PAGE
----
EE Times Europe: What are they key performance gains offered with the new ultracapacitor?
Hall: Last year the largest transportation company in Germany at the advanced auto battery conference in Germany said that if they could get a capacitor with five percent lower ESR or five percent better power density it would dramatically reduce their cooling requirements and make ultracapacitors a much more viable product for them.
We offer an ESR of 12 percent which is more than two times that of our competitors.
We have taken the customers' requests and we have more than doubled
The power density for the 3000F cell is 6.6kW per kg or if you are looking at maximum power it is 16.2 kW per kg or 21.2 kW per liter. In terms of maximum power in kW per kg we are nine percent better and in kW per liter we are 14 percent better. We have also made the iCap 3,000F cell the lowest weight cell on the market. We have increased the robustness, we have increased the termination and decreased the weight and increased the power density.
EE Times Europe: How would you summarize the major benefits of the new 3000F cell?
Hall: In summary the major benefits of the product are its ESR performance which is basically the same as power density. But also the termination technology solution which allows customers to design-in a product that gives them a much better robustness at the connection level but also allows the customers who are using other cells to use our cells.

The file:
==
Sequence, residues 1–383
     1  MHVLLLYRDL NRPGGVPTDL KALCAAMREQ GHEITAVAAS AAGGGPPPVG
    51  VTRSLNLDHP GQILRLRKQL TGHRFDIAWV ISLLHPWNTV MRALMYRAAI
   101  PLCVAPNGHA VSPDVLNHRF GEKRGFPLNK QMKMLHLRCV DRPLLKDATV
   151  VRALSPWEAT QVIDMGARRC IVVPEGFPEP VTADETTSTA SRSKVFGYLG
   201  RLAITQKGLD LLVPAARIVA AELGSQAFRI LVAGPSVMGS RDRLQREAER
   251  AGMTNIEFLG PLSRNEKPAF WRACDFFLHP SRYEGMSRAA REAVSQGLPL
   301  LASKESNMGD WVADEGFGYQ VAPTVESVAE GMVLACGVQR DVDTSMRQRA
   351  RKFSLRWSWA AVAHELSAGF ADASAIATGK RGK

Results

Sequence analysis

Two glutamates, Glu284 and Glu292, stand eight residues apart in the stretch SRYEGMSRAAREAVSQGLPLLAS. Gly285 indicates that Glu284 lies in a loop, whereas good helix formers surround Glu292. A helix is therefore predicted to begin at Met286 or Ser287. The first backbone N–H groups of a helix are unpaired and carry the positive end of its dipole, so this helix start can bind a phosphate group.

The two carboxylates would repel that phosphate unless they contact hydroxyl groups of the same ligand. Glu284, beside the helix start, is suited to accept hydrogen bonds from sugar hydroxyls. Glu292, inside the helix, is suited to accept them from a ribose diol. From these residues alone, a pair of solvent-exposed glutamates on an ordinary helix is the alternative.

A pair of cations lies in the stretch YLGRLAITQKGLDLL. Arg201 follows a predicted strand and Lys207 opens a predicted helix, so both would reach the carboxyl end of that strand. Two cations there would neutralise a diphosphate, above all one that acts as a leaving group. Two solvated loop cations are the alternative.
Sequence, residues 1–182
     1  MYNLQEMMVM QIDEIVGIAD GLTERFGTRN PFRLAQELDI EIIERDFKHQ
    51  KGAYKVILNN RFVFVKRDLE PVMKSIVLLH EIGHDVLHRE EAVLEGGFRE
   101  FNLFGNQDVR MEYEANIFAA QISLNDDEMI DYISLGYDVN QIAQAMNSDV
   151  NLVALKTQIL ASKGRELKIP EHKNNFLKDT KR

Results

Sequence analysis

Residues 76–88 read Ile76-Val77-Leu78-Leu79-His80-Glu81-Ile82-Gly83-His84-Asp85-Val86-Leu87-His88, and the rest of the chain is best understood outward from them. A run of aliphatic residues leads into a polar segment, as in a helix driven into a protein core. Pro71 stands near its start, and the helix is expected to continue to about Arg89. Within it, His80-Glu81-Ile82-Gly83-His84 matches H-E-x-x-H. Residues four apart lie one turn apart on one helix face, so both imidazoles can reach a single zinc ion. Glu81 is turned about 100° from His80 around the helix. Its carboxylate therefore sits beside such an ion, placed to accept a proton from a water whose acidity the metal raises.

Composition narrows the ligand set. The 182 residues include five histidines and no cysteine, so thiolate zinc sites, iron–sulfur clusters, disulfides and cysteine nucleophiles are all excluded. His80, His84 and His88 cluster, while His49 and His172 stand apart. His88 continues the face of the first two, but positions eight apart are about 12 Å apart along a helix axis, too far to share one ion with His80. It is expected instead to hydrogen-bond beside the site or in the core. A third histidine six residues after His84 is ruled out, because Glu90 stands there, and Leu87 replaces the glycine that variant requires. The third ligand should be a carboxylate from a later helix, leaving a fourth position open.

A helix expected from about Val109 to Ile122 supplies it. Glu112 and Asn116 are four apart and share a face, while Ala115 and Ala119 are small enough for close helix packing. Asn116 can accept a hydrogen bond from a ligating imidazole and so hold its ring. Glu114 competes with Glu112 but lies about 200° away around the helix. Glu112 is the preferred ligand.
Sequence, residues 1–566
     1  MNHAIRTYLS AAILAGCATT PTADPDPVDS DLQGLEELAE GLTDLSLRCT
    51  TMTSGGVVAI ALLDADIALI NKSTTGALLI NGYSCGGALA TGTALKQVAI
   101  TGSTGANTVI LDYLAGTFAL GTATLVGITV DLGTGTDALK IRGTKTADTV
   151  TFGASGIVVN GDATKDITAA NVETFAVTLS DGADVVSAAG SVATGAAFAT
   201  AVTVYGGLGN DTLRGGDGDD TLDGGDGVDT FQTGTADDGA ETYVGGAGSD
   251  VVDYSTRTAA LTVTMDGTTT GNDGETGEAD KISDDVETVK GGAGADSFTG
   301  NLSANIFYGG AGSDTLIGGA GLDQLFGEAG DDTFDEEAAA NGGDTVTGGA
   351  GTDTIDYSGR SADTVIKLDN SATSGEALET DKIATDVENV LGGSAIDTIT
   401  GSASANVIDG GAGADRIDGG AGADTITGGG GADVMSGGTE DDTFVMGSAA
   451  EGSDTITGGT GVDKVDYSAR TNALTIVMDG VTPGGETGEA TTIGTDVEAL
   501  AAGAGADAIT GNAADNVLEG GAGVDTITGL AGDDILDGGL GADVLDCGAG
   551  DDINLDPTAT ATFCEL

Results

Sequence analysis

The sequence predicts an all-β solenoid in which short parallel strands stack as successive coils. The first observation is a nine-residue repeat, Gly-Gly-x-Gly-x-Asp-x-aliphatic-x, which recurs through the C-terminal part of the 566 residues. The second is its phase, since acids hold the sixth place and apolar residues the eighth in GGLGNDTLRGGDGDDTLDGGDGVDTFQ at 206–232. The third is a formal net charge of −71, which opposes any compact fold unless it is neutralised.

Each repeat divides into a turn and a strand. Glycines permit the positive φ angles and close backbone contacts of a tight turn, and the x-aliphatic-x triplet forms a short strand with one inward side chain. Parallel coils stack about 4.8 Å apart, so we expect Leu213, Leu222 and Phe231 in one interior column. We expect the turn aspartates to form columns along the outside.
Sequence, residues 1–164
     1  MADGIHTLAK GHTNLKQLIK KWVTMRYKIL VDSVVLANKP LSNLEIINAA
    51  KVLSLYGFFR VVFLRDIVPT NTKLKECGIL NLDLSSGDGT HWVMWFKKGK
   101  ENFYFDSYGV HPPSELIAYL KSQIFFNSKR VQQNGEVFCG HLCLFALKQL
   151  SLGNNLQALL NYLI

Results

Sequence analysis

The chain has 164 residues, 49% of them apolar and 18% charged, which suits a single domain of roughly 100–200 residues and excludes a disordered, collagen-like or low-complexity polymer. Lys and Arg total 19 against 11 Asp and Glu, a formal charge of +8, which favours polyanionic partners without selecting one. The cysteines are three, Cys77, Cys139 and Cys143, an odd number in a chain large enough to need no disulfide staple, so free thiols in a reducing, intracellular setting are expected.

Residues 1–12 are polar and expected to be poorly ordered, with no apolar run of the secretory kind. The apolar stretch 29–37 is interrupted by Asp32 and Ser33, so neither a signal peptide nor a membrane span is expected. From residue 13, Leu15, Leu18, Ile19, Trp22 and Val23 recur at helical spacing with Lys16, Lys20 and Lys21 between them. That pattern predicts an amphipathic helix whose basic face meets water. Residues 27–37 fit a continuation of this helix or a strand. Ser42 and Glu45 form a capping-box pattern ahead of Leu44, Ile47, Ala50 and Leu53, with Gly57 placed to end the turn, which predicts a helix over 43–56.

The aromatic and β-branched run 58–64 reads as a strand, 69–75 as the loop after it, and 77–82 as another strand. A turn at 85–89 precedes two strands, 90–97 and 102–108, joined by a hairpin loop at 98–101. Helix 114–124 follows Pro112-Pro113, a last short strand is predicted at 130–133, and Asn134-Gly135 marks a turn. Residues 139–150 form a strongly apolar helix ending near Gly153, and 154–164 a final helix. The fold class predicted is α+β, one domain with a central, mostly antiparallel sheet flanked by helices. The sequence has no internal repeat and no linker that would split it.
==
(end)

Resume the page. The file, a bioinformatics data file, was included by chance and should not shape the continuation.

The product is called iCap because the ultracapacitors can be connected to pretty much anything and are they pretty intuitive in how you can use them. We like to say 'plug and play' and we are all now well used to that term. We have designed them to be highly intuitive to use. You can use almost any type of termination you would want.
Our engineering team has been really working hard on what customers need. They have been looking at aspects like termination technology as well as how to balance the modules properly. They have also been examining technology versus cost issues.
We believe we've pretty much answered all what customers have demanded within one package.
We have made what the customer is really looking for.
EE Times Europe: When is the new 3000F cell going to be available in Europe?
Hall: The Ioxus iCap 3,000F cell will be available as a product from January 17, 2012. The distributor in Europe is based in the UK and is Advanced Power Components plc.
New 3000-F ultracapacitor claims to offer the lowest weight, lowest ESR and highest power density
More information about the iCAP 3,000F ultracapacitors at